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J Food Sci. 2015 Dec;80(12):M2904-10. doi: 10.1111/1750-3841.13142. Epub 2015 Nov 9.

Biofilm Formation Characteristics of Pseudomonas lundensis Isolated from Meat.

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College of Food Science and Technology, Shanghai Ocean Univ, Shanghai, 201306, China.
Henry Fok School of Food Science and Engineering, Shaoguan Univ, Shaoguan, 512005, China.


Biofilms formations of spoilage and pathogenic bacteria on food or food contact surfaces have attracted increasing attention. These events may lead to a higher risk of food spoilage and foodborne disease transmission. While Pseudomonas lundensis is one of the most important bacteria that cause spoilage in chilled meat, its capability for biofilm formation has been seldom reported. Here, we investigated biofilm formation characteristics of P. lundensis mainly by using crystal violet staining, and confocal laser scanning microscopy (CLSM). The swarming and swimming motility, biofilm formation in different temperatures (30, 10, and 4 °C) and the protease activity of the target strain were also assessed. The results showed that P. lundensis showed a typical surface-associated motility and was quite capable of forming biofilms in different temperatures (30, 10, and 4 °C). The strain began to adhere to the contact surfaces and form biofilms early in the 4 to 6 h. The biofilms began to be formed in massive amounts after 12 h at 30 °C, and the extracellular polysaccharides increased as the biofilm structure developed. Compared with at 30 °C, more biofilms were formed at 4 and 10 °C even by a low bacterial density. The protease activity in the biofilm was significantly correlated with the biofilm formation. Moreover, the protease activity in biofilm was significantly higher than that of the corresponding planktonic cultures after cultured 12 h at 30 °C.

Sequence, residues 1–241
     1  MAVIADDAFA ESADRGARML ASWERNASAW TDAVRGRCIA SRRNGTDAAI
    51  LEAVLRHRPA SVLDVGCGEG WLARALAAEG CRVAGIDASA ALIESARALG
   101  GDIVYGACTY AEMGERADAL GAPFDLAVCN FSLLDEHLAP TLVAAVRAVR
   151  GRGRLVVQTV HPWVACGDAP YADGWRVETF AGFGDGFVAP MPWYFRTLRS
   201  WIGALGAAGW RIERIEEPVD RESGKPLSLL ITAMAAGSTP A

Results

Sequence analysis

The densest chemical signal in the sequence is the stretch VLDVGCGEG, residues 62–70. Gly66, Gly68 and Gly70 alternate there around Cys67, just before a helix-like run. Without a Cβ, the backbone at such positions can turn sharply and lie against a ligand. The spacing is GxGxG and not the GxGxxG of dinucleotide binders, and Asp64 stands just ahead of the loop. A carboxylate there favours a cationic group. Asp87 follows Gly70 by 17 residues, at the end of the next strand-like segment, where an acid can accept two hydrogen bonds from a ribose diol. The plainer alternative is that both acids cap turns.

Polysaccharide; Pseudomonas lundensis; biofilm; low temperature; spoilage bacteria

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